How much role does heredity play? Sachdev says that there are 200 genes associated with height but their net contribution in determining adult height is about 10%. "Though genetic factors play an important role in determining height at individual level, environmental factors such as income, age-specific balanced diet, sanitation, health facilities may exploit genetic potential," said Laxmaiah. Confirming this, Bentham said that if all populations across the world lived in the same environment, it's likely there would be some differences in mean height between certain populations, but we would not see the 20-23cm gap between the tallest and shortest countries witnessed at present.

The average height of Indians, state-wise


The average height of Indians, state-wise, in 2001.
Deaton,Angus Height, Health, and Inequality:
The Distribution of Adult Heights in India
American Economic Review: Papers & Proceedings 2008, 98:2, 468–474

See graphic ‘The average height of Indians, state-wise, in 2001’

Bangladesh: 1886-1986

Shortest in height, by ranking, Bangladesh and the world; Graphic courtesy: The Times of India, August 14, 2016

Shortest in height, by ranking, Bangladesh and the world

Fastest height gain: 1886-1986

Fastest height gain, men and women, India and the world; Graphic courtesy: The Times of India, August 14, 2016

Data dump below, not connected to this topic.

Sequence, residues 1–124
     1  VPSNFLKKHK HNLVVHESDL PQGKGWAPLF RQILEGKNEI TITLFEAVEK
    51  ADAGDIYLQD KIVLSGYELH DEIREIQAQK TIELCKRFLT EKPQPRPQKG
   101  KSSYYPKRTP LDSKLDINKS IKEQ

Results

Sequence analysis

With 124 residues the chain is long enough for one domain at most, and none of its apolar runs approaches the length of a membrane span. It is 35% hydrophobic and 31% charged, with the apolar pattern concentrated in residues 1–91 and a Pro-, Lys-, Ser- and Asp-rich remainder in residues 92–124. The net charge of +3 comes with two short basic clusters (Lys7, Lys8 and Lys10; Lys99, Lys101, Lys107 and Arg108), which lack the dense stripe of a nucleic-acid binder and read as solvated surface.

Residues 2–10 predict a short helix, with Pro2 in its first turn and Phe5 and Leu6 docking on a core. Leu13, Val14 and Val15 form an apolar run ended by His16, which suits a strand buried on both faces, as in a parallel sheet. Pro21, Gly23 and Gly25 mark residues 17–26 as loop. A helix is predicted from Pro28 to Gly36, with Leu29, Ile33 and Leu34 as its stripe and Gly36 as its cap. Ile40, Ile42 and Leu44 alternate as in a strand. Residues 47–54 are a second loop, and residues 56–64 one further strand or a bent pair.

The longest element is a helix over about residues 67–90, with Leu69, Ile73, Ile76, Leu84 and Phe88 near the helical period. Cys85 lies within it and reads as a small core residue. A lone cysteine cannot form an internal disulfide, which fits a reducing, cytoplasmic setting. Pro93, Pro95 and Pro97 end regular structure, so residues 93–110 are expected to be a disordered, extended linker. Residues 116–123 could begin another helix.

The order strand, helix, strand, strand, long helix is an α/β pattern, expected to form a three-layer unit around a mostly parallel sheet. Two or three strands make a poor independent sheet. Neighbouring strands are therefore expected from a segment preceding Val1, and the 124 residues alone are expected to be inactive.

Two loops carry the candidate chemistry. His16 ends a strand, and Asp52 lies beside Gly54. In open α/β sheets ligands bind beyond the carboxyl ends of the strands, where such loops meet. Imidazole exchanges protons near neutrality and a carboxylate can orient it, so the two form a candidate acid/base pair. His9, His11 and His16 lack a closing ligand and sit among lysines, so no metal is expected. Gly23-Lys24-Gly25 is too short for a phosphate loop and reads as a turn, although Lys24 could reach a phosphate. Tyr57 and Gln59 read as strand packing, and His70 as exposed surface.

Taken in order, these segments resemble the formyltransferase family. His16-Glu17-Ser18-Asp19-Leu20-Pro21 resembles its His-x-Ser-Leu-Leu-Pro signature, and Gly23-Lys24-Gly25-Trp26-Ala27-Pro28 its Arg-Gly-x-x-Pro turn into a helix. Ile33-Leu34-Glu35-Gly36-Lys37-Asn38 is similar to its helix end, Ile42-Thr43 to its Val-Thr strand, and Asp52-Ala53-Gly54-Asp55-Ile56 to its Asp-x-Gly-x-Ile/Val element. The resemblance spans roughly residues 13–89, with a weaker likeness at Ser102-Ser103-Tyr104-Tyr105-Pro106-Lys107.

Fastest height gain, men and women, India and the world

2005>16: a decline

Rema Nagarajan, Sep 28, 2021: The Times of India

Average height of Indian men(in cm)
From: Rema Nagarajan, Sep 28, 2021: The Times of India
Average height of Indian women (in cm)
From: Rema Nagarajan, Sep 28, 2021: The Times of India
Average height of Indian men (in cm), analysed according to financial status
From: Rema Nagarajan, Sep 28, 2021: The Times of India
Average height of Indian women (in cm), analysed according to financial status
From: Rema Nagarajan, Sep 28, 2021: The Times of India
Increase in average height of 18 year olds (in cm), 2014- 1914
From: Rema Nagarajan, Sep 28, 2021: The Times of India

In the context of an increase in average heights worldwide, there was, alarmingly, a decline in the average height of adult men and women in India in the decade from 2005-06 to 2015-16 after a significant increase from 1998-99. Women from the poorest sections showed the steepest decline as did tribal women.

The same period saw the average height of women in the wealthier sections improve significantly, showing how closely average height is linked to nutrition and other social and environmental factors. This was revealed in a study published in the open access science journal, PLOS One, that compared the average height of adult women and men from the national family health surveys (NFHS) done in 1998-99, 2005-06 and 2015-16.